Tobramycin Serum Concentrations in Tracheostomy-Dependent Children Receiving Inhaled Tobramycin

Kaitlin M. Hughes, A. Ioana Cristea, Emma M. Tillman

Research output: Contribution to journalArticle


Introduction: In recent years, administration of inhaled aminoglycosides has gained popularity in tracheostomy-dependent pediatric patients because of medication delivery to the target site of action while minimizing systemic absorption and adverse effects. A recent report of detectable serum tobramycin concentrations in critically ill children receiving inhaled tobramycin 300 mg every 12 h prompted our investigation in tracheostomy-dependent pediatric patients receiving inhaled tobramycin 80 mg every 8 h. Methods: Serum tobramycin trough concentrations were obtained from tracheostomy-dependent pediatric patients receiving treatment with inhaled tobramycin 80 mg every 8 h for the treatment of tracheitis. Patient data, including demographic data, medical history, renal function, and serum concentrations, were collected. Results: Twelve patients with a median age of 0.5 (0.3-6.1) years had serum tobramycin concentrations evaluated. Eleven of the 12 patients had undetectable trough concentrations (<0.6 mcg/mL). All of these patients had normal blood urea nitrogen (BUN) and serum creatinine (SCr) for age and no history of kidney disease. One patient had a detectable trough concentration of 2.1 mcg/mL. This patient was 11 months old and had polycystic kidney disease with an elevated BUN and SCr for age. Conclusions: Detectable serum concentration from systemic absorption of inhaled tobramycin 80 mg every 8 h is unlikely in tracheostomy-dependent pediatric patients with normal renal function. However, in tracheostomy-dependent pediatric patients with a history of renal dysfunction or elevations in BUN or SCr, inhaled tobramycin should be used with caution. Monitoring serum concentrations to guide dose modification should be considered in these patients.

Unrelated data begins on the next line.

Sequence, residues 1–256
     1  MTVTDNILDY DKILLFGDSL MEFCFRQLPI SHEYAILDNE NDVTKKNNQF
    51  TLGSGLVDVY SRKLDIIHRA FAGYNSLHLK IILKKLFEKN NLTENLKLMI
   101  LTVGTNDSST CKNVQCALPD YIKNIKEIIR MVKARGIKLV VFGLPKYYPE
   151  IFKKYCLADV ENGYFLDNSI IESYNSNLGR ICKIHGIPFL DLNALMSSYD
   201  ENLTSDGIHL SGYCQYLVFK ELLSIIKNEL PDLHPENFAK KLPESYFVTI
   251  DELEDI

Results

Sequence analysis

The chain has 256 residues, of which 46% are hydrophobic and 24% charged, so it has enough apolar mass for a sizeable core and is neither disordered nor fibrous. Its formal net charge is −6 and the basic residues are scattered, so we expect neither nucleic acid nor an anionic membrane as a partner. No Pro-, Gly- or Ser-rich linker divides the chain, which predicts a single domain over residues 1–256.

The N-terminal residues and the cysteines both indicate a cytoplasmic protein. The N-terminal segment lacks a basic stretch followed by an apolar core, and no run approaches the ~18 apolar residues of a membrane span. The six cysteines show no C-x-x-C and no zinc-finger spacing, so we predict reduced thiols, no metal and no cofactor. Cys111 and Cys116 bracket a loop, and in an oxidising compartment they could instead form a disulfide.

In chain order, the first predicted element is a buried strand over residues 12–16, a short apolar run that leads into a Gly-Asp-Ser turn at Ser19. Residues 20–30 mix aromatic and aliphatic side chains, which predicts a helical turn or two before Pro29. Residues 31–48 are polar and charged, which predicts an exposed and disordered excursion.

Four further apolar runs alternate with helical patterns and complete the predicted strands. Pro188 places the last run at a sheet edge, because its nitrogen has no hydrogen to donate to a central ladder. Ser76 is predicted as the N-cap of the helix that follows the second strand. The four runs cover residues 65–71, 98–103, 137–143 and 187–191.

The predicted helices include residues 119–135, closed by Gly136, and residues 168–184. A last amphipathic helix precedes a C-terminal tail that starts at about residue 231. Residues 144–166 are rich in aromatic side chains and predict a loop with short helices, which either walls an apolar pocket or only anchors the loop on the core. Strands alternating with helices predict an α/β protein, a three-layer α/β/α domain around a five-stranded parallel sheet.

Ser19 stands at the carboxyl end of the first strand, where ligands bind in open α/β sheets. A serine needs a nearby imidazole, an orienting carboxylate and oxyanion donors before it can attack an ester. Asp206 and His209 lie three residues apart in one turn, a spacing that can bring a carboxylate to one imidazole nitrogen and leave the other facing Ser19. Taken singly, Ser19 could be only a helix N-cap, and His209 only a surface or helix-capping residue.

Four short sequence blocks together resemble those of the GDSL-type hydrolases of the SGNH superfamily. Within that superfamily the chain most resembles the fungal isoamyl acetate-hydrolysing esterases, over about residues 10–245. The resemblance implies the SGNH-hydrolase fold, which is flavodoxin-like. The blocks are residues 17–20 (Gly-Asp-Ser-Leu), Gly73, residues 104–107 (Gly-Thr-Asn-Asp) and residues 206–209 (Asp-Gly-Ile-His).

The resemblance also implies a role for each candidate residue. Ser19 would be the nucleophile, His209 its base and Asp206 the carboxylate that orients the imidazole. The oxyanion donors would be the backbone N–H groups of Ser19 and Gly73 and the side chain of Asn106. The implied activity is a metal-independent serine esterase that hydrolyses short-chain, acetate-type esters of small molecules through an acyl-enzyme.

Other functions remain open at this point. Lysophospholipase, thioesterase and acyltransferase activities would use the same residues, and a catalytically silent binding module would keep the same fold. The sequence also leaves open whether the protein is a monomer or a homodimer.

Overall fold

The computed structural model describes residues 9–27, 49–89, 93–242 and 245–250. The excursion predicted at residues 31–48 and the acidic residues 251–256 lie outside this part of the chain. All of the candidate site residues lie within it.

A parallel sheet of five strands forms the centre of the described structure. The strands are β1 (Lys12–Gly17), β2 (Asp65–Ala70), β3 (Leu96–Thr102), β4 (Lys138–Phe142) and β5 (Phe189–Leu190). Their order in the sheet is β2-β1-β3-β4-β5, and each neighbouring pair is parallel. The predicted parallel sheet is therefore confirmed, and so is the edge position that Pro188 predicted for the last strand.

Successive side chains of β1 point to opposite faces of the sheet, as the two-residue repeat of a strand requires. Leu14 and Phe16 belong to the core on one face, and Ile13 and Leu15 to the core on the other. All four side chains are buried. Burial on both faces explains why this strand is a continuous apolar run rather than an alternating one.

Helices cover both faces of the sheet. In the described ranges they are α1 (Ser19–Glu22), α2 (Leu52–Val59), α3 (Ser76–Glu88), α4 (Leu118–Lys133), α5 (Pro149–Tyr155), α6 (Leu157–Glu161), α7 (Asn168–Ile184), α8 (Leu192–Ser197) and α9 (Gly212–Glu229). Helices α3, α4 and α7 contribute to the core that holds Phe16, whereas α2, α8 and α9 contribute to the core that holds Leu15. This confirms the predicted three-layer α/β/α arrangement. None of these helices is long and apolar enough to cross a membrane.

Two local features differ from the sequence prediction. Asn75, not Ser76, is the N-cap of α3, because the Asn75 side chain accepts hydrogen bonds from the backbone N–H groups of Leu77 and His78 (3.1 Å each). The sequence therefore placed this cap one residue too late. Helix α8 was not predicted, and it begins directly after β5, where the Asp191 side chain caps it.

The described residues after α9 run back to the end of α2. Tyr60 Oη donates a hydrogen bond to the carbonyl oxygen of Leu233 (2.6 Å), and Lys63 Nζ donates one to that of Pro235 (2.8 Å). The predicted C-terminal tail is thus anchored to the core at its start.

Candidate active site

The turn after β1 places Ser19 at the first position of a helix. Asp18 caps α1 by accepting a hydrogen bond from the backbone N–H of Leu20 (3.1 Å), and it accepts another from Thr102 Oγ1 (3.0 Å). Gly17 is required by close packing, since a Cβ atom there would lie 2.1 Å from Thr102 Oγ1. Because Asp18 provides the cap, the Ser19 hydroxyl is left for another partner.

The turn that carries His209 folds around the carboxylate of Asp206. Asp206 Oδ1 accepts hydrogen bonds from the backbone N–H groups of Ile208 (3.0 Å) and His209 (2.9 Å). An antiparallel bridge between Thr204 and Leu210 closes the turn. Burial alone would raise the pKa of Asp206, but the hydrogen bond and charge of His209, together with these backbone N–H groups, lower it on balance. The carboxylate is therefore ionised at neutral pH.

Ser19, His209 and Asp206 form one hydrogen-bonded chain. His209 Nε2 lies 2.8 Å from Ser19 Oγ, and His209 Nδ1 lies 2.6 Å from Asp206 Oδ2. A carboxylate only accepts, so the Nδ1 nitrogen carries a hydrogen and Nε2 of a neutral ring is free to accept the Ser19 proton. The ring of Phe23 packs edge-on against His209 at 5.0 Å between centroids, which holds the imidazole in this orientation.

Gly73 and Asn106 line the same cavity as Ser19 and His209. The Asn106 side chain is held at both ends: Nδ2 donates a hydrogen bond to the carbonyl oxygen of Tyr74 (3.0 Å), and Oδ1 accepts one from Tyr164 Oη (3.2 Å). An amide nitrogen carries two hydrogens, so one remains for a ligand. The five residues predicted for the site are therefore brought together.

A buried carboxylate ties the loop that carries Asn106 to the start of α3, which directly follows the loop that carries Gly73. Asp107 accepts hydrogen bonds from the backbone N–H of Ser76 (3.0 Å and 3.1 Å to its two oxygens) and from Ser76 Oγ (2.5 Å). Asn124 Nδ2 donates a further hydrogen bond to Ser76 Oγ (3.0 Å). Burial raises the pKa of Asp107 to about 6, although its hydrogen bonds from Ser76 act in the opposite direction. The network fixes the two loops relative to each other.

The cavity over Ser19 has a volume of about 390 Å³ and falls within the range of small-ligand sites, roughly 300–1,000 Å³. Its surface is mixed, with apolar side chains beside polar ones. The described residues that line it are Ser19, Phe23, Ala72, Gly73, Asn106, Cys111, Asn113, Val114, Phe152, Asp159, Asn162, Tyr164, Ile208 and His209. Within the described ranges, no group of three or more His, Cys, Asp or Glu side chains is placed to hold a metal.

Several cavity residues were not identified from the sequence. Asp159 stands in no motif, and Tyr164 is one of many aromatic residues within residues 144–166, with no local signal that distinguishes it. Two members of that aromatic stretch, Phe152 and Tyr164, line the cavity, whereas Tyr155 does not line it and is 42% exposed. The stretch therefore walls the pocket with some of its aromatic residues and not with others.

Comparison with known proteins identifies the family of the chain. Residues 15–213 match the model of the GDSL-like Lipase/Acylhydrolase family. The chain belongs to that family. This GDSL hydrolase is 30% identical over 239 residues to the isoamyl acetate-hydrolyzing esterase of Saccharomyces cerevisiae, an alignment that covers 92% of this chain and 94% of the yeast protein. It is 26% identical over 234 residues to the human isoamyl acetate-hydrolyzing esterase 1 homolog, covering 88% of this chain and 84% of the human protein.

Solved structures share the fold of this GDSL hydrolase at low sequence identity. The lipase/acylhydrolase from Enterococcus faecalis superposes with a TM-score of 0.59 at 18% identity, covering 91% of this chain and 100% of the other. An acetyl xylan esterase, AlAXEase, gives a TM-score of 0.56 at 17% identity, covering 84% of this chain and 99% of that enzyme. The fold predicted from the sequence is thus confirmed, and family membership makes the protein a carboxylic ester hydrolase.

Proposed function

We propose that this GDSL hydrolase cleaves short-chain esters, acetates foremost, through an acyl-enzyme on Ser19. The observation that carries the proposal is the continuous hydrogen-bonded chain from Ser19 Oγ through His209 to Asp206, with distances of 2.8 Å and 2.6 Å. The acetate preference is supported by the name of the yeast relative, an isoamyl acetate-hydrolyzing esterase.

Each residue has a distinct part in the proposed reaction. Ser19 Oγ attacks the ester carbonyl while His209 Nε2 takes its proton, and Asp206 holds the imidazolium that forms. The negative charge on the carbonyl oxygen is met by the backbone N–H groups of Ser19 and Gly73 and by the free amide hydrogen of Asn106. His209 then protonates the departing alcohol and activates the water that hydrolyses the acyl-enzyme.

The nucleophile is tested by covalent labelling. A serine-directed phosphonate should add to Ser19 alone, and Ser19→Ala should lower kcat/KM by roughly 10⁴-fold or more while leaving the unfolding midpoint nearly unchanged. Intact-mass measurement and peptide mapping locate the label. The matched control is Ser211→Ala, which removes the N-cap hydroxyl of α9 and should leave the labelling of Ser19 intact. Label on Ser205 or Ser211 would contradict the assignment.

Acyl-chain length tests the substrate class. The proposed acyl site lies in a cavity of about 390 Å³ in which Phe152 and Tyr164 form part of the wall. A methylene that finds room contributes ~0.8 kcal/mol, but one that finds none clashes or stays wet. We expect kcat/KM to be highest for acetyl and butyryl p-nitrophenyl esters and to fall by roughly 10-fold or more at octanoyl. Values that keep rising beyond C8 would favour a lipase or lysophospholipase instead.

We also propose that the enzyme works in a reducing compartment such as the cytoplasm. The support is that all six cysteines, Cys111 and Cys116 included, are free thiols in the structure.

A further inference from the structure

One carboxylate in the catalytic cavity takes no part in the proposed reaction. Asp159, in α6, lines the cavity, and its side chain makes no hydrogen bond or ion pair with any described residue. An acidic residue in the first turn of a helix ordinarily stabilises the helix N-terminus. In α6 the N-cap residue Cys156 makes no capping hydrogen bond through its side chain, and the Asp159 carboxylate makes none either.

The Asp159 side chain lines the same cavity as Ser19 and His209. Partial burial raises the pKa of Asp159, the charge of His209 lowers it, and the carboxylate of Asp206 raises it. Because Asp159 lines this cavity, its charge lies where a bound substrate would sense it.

Original languageEnglish (US)
Pages (from-to)92-95
Number of pages4
JournalPediatric, Allergy, Immunology, and Pulmonology
Issue number2
StatePublished - Jun 2020


  • child
  • gram-negative bacterial infections
  • kidney diseases
  • lung diseases
  • tracheostomy

ASJC Scopus subject areas

  • Pediatrics, Perinatology, and Child Health
  • Immunology and Allergy
  • Pulmonary and Respiratory Medicine

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